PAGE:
The first sailors story needs some context from experience perhaps, rather than speculative assertions. I have lived in that environment and with hunter/gatherer-adapted Natives in the Amazon Basin, and leather goods could not survive the moisture level unless placed in the sun to dry. We preferred using canoes hollowed from large trees in rivers with currents, and rafts are very easy to make to move goods like game, fish caught, or shelter materials downstream. Canoes last a long time because they function after becoming water-logged. In the Pacific Northwest the trees were large enough for ocean-going canoes. Two canoes tied together and you can go from rivers onto seas.

Regarding walking vs. floatation, there is a deep ocean trench separating the Sundaland plate and Wallacea. It seems unequivocal that these two land areas have never been connected, hence any hominids settling in Wallacea crossed water somehow in reproductively-viable numbers.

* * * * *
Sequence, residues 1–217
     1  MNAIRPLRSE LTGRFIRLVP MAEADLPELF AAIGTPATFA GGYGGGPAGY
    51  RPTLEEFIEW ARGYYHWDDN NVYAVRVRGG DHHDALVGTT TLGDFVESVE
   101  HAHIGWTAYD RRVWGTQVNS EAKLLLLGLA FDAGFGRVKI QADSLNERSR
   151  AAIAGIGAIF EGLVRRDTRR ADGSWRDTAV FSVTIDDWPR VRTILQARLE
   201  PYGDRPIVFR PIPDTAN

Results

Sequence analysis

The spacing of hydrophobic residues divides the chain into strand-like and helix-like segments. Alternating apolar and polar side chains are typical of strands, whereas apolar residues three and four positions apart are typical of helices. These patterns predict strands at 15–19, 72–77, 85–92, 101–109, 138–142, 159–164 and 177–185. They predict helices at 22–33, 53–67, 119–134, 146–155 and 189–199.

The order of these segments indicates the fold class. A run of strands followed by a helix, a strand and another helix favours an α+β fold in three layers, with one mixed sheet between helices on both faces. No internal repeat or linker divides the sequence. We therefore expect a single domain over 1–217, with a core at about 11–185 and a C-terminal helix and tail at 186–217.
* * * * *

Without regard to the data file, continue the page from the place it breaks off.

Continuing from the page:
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Re: Boats Taken For Granted!

Post by Minimalist » Fri Feb 26, 2010 11:56 am

We beaten this one to death, archaeo. In a maritime environment it is simply unreasonable to expect that one would find the remains of organic materials used for boat or raft building after 750,000 years.

As you say, the depth of the ocean trenches precludes walking so a degree of deduction is needed to see how HE colonized those islands. A boat seems the logical answer.
Something is wrong here. War, disease, death, destruction, hunger, filth, poverty, torture, crime, corruption, and the Ice Capades. Something is definitely wrong. This is not good work. If this is the best God can do, I am not impressed.

-- George Carlin

Rokcet Scientist

Re: Boats Taken For Granted!

Post by Rokcet Scientist » Fri Feb 26, 2010 12:10 pm